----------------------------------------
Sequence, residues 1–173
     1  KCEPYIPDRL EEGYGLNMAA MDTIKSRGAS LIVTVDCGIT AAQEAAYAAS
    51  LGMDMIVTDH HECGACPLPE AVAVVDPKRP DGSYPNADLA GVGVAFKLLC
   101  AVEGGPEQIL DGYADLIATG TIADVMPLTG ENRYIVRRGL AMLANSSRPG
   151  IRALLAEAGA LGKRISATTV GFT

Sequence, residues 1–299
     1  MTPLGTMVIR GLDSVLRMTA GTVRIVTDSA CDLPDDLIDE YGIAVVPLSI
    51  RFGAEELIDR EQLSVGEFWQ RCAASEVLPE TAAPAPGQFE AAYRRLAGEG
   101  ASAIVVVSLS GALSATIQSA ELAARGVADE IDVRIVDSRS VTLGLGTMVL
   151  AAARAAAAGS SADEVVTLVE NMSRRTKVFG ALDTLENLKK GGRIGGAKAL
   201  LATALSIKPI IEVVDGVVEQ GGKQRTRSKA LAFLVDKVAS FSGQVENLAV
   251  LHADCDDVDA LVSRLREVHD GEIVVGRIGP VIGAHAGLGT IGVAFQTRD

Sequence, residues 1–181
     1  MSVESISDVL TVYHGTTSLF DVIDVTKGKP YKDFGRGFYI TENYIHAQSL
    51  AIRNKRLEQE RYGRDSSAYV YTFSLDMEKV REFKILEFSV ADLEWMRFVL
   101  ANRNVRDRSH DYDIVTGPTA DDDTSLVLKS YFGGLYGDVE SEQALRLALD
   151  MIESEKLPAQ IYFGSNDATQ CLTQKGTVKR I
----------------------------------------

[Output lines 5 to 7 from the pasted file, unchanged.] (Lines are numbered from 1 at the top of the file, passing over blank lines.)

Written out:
   151  IRALLAEAGA LGKRISATTV GFT

Sequence, residues 1–299
     1  MTPLGTMVIR GLDSVLRMTA GTVRIVTDSA CDLPDDLIDE YGIAVVPLSI